Bipartisan support needed for 'yes' vote during referendum
A LACK of consensus support to recognise local government in the constitution could damage the chances of a successful referendum this year, an expert said on Friday.
Griffith University constitutional law expert Professor A.J. Brown said one of the key factors in a successful "yes" vote during the referendum was bipartisan support.
But Prof Brown, who sat on the expert panel that considered the constitutional change, said recent comments by Opposition Leader Tony Abbott could contribute to a failed referendum.
Mr Abbott this week said while he supported the recognition of councils in the constitution, if people didn't understand the questions, they should vote "no" at the polling booth.
Prof Brown said the comments were "not what you'd call an unqualified statement of support".
"We know from experience that if people are given the soft option of not bothering to understand the question, or not finding out what it means, that's basically the same as advocating against it," he said.
Prof Brown said while people were usually interested in federal elections because it had a direct effect on them due to taxes and other policies, constitutional changes were harder to get across.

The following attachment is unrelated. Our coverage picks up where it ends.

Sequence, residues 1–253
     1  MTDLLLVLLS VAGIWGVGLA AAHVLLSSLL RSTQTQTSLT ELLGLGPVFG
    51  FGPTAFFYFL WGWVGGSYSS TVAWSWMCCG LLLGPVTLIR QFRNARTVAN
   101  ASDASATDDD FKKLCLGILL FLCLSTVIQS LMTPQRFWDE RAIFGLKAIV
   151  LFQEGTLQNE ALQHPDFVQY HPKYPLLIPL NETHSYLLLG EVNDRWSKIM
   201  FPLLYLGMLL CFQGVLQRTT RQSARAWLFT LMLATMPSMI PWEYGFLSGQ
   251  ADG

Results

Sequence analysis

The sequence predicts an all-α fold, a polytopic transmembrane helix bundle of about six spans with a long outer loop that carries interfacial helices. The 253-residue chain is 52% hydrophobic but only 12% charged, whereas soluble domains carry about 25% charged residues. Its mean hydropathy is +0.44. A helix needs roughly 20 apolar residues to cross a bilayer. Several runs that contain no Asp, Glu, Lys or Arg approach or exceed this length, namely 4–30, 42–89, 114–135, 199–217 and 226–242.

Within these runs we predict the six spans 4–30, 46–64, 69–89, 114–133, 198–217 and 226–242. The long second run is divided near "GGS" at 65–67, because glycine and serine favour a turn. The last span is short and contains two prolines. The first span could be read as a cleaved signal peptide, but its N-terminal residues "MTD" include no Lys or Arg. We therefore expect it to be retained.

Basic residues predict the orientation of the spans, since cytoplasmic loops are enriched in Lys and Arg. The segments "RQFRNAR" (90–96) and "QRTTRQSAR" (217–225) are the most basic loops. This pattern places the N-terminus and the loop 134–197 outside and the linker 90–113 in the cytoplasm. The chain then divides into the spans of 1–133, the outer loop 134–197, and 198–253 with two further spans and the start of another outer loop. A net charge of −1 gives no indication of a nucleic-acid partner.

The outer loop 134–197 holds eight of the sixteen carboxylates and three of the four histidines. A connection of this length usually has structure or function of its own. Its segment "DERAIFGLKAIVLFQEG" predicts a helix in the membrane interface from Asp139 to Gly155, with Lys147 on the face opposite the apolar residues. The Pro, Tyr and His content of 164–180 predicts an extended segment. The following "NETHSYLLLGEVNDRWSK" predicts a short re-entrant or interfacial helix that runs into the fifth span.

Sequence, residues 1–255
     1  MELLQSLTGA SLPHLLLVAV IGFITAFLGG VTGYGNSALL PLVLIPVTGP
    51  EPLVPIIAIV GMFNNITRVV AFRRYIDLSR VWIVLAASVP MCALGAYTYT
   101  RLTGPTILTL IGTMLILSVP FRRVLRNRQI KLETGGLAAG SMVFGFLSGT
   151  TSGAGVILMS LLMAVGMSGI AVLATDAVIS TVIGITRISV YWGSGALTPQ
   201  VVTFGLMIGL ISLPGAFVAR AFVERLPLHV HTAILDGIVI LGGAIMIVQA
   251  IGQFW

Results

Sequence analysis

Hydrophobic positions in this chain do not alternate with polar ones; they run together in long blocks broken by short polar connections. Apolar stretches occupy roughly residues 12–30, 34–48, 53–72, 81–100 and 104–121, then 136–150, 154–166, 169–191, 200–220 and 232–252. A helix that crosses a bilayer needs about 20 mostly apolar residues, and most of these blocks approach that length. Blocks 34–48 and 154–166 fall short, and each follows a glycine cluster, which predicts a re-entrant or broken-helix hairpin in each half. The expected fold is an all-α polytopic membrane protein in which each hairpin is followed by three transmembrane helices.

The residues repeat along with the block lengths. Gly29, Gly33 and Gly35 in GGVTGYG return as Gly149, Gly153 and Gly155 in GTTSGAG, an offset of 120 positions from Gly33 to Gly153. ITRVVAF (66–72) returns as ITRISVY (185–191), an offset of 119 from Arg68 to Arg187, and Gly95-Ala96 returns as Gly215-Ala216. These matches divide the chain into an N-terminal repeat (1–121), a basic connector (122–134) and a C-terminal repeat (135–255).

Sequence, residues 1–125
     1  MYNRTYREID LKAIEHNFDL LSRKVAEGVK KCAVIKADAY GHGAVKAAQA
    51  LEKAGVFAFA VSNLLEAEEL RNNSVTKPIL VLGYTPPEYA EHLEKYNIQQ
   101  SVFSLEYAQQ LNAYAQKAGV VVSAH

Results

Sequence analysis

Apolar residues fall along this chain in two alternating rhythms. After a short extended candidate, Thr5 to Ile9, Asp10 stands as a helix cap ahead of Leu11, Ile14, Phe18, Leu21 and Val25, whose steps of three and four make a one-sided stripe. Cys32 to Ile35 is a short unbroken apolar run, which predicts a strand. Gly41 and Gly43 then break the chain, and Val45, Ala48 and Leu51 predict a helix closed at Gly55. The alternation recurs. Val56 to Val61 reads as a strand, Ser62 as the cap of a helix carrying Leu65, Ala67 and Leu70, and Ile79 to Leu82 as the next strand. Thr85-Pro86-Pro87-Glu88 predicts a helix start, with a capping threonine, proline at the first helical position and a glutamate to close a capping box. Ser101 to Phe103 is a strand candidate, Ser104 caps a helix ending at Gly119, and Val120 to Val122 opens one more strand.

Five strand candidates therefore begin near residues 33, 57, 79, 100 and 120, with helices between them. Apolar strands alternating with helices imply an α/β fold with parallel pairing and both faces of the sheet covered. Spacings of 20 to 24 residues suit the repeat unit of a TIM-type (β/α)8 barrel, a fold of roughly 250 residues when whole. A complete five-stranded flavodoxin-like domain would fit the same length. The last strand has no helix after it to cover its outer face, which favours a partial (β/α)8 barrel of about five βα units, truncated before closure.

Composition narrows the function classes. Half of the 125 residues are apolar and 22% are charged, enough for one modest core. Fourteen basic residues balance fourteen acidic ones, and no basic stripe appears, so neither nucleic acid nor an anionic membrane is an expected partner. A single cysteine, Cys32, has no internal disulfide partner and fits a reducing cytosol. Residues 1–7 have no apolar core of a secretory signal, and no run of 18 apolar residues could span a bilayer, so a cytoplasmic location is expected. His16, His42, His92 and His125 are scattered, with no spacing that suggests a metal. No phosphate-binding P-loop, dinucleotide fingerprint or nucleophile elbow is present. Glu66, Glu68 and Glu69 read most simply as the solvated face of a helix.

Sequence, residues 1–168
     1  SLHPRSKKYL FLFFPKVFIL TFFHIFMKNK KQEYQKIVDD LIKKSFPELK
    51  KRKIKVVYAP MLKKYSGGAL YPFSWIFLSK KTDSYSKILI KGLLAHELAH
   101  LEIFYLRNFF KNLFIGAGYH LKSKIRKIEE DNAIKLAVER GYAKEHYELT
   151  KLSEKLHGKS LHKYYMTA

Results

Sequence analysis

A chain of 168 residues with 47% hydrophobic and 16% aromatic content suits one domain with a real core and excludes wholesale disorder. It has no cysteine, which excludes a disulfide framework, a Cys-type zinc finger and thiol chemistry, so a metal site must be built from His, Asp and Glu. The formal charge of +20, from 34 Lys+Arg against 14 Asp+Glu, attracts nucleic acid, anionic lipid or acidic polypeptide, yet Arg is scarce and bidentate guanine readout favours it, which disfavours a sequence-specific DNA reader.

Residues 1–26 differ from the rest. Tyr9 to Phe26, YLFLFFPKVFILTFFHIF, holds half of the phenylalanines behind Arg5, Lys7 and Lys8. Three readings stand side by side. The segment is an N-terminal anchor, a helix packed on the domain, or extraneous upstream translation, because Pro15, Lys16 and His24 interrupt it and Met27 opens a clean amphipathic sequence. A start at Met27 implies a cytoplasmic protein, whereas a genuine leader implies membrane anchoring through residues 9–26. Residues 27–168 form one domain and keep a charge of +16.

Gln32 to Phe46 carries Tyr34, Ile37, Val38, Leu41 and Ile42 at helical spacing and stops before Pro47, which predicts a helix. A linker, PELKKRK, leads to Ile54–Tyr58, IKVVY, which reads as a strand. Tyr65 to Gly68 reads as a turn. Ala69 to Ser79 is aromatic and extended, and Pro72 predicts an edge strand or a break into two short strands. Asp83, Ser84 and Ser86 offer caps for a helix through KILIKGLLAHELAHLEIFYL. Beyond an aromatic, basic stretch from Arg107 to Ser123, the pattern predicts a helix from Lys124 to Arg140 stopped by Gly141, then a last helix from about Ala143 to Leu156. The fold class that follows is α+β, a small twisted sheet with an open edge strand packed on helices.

"With the constitution, its a little bit harder, as despite the importance of the document, it's much less visible in people's everyday life, so the trouble is trying to explain what a change would mean," he said.
Prof Brown also said the amount of time given to inform people and campaign for a referendum also was a major factor in the success or failure of the vote.
He said although he believed the local government referendum was "a meritorious proposal", if a referendum was held this year, it might not allow enough time for explain the changes.
"I was quoted during the Joint Select Committee hearings as saying a referendum like this would need at least six months to get organised," Prof Brown said.
"Although I'm very supportive of it, I think that's still the case; if you don't give people the time to digest the question, it's just inviting a majority no vote."
Local Government Minister Catherine King, on Thursday, said the government remained committed to holding the referendum this year.
But as Prime Minister Kevin Rudd had not yet decided on an election date, Ms King said the government needed to discuss when it could be held.
"It cannot be held before September 14, it can only be held after that date," she said.
"If we did do it separately to a federal election it is obviously going to be a much more expensive proposition and, obviously, we need to look at that, but my view is still that we should go ahead with it."